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The Girl Who Dreams to Live on Mars Talk With Alyssa Carson


As children we are often confronted with the question: “What do you want to do when you grow up?” and most often, we have the wildest ideas of what we want to do. We want to become sports professionals, princesses, adventurers, or astronauts. In our innocence, we believe that anything is possible, but regrettably, most of us lose our innocent belief and give up on our dreams.

Not Alyssa Carson, though. Already at the age of 3, she dreamed of being involved in space exploration. “My father told me about the moon landings and that we could one day travel to Mars,” and that got her curious about the topic and made her watch videos, read books and go to all the Space Camps she could find. By age 7 she knew space was her dream and Mars her destination, so she went for it with all she got.

But it hasn’t been always easy to be taken seriously at such a young age in that industry, she explains, and it’s still sometimes a struggle. Her older peers “have always been welcoming and nurtured my interest in space, but at the same time, I’ve always had the feeling I had to prove myself, and I had to show that I was just as skilled or could contribute just as well.” Alyssa’s advice to any young person following their dreams include:

  • passion: She loves space, so no matter if she experiences challenges or setbacks, she has a fire burning in her which keeps her going. So do something you’re really passionate about and let that fuel your motivation when you’re meeting resistance from your environment.
  • balance: Although she is full of space passion, she thinks it’s important to balance out her life and not only to focus on her dream. Otherwise, her passion might burn out. So if you’re working hard to achieve a goal, remember to take time for fun and other activities too, so you don’t lose your motivation.
  • openness: Goals are important, but life is full of surprises and the future unpredictable. She always tries to stay open and look out for unexpected opportunities and advices you to do the same. Keep exploring and trying things out.

Once you figure out what you’re deeply interested in and you learn to trust yourself and your abilities, any obstacle becomes manageable.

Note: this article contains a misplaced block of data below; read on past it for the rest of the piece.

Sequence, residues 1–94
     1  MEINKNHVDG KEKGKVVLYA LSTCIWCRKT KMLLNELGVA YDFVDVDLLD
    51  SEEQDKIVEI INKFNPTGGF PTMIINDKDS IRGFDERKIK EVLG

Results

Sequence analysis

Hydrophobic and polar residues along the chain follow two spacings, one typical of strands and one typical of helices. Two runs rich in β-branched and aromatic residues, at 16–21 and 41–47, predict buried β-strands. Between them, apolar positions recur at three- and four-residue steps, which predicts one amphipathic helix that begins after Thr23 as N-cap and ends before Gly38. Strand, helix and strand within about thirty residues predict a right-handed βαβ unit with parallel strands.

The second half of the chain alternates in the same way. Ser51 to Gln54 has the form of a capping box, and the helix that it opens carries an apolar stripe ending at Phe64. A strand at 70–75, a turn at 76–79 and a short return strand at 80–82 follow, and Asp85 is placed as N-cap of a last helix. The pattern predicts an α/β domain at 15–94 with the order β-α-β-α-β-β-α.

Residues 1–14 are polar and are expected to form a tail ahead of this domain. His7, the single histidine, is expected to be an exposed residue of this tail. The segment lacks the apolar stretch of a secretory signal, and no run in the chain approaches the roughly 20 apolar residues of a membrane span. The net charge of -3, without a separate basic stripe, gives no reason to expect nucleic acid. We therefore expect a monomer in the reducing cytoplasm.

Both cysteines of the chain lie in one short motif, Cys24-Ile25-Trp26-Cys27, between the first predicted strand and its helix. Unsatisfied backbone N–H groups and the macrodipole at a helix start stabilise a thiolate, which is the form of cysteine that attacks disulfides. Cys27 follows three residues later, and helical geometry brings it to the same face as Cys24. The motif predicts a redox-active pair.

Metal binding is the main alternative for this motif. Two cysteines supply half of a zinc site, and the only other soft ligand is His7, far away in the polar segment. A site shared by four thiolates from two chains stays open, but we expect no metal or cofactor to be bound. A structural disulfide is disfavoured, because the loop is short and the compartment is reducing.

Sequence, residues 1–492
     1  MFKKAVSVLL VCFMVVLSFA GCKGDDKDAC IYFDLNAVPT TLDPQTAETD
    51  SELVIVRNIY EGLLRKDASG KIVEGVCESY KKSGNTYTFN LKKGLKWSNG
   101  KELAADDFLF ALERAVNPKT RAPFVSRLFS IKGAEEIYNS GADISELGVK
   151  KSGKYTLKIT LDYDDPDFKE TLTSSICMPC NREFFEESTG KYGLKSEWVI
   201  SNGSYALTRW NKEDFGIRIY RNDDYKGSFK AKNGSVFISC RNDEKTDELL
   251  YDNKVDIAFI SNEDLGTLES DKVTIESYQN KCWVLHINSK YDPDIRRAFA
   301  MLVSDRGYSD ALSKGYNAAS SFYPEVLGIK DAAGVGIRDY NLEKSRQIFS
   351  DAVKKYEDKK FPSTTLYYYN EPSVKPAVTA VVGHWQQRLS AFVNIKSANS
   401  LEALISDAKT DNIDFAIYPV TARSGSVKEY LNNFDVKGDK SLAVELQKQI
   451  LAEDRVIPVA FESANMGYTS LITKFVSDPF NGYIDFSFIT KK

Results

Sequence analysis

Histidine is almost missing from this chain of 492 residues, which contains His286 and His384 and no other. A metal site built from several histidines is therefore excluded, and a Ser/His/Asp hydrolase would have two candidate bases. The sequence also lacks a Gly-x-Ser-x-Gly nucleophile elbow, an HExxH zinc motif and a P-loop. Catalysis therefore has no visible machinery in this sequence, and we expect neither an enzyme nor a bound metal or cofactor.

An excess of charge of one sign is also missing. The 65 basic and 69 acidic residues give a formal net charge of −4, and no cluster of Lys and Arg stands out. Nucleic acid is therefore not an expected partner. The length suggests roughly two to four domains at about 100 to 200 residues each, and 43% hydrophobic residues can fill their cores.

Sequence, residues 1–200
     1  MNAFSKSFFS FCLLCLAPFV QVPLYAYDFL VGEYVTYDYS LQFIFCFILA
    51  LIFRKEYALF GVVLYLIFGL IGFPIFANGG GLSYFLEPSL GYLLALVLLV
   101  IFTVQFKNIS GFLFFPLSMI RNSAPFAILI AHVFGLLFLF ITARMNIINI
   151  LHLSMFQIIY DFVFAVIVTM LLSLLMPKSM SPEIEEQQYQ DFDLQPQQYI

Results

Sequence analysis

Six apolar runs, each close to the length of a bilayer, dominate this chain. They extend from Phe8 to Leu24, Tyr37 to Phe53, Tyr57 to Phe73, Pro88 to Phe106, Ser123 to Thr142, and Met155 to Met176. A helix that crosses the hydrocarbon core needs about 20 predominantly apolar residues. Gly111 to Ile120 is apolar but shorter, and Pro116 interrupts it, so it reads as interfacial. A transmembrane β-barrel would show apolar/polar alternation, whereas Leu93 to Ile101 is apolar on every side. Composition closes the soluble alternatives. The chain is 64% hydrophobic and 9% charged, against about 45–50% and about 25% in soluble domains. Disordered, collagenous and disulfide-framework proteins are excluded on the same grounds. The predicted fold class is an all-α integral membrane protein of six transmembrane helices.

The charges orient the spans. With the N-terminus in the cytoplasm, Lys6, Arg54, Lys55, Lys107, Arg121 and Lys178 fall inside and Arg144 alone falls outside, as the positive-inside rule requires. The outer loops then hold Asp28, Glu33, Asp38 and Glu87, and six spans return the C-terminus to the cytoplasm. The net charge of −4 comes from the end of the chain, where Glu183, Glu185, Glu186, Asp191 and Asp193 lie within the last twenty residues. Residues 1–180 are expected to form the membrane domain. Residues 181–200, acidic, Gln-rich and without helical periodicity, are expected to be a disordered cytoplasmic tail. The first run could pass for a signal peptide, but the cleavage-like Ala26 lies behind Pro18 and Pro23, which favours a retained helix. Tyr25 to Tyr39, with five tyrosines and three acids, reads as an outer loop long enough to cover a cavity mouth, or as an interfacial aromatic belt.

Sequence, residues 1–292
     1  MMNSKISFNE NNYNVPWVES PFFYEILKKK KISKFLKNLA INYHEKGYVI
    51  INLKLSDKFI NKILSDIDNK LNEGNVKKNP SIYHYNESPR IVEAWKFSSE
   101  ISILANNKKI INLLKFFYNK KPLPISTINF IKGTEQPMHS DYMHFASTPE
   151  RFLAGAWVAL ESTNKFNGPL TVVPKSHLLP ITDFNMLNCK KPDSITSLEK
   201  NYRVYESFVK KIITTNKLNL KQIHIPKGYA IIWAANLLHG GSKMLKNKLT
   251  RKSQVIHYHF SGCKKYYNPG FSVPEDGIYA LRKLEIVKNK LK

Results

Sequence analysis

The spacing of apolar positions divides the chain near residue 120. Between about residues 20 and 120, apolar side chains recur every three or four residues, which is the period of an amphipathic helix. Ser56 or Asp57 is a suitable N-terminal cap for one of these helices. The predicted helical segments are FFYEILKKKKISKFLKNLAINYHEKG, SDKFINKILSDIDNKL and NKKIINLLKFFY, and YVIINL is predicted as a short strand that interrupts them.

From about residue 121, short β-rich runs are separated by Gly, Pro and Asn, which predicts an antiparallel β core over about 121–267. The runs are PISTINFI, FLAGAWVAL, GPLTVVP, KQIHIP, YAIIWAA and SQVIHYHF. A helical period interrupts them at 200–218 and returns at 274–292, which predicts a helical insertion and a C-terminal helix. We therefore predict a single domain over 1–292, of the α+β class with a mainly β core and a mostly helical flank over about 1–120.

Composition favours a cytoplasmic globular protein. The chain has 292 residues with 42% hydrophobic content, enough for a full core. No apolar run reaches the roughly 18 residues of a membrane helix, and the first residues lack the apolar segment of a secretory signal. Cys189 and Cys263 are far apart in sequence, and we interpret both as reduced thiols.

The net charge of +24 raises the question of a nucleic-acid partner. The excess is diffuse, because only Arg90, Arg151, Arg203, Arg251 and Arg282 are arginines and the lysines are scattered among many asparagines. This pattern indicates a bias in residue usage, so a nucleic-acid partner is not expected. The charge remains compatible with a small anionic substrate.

Astronaut isn’t a job; it’s a destination.

– Alyssa Carson

Alyssa’s Carson Biggest Challenges & Biggest Learnings

Training to become an astronaut is no easy feat. It’s not only physically intense, but also psychologically. During her training, Alyssa Carson has practiced navigating in zero gravity, high up in the sky, and deep under water.

“The scariest experience was definitely my water survival training. It was the most physically intense, but it was also the one I learned the most from.” For two weeks, she learned how to survive under water, stay warm, not lose her orientation, and get out of a space capsule from under water  – and all of that in a clumsy space suit.

“Pretty much the first day they buckled us into the seats [of a capsule], flipped us underwater and asked us to keep our breath, push out the fake window and pull ourselves out,” Alyssa remembers. “Of course, I thought I was going to drown. But it was definitely an interesting experience learning those skills.” Alyssa definitely believes in pushing oneself out of one’s comfort zone in order to learn and grow oneself. It’s scary sometimes, but always incredible rewarding afterwards.

Mars Mission & Space Jobs

“Right now the plans for going to Mars are set for the early 2030s, which is great cause I still have to finish school and get some work experience before applying,” Alyssa’s practical nature keeps her relaxed about the upcoming mission and the role she will be playing.

“It takes 10.000 people to send one astronaut into space, and there are so many jobs involved you wouldn’t initially think of.” Even if astronaut isn’t the job for you, there are a lot more ways to get involved with space than becoming an astronaut for NASA, she stresses. One’s dream can take many shapes and forms, so even if you’re more interested in robotics, in AI, in design, in journalism, in psychology, you can find a place in the space industry. “Definitely keep your mind open. And don’t be afraid to explore your different interests. All those small jobs really have a huge impact.” And this isn’t just the case in the space industry: It takes many people doing many different tasks to reach big goals. Whatever role you have and job you do, you can have a big impact as long as you place yourself behind a grand vision. It’s not about your title, it’s about your contribution.

A last advice from Alyssa Carson:

Talk about your dreams and goals. Someone might know someone who knows someone.

You’d be surprised how much help and support you can receive if you just let people know about your passion and interests. And don’t give up! “It’s sometimes all about timing” – if it doesn’t work now, it might work at a later time.

To learn more about Alyssa Carson’s journey and about space in general, watch our Pirates Talk with her below. In an interview with our pirates Netta Hociej and Dorothea Böhmer, Alyssa shares more stories about her training, talks about the books and shows that got her into space, and offers more tips on how to stay motivated and succeed in reaching your dreams.

Enjoyed reading this article? Ever invited a pirate for a coffee? Now’s your chance.

Tagged as Alyssa Carson, Mars, moonshot pirates, Moonshot Pirates Talks, Space

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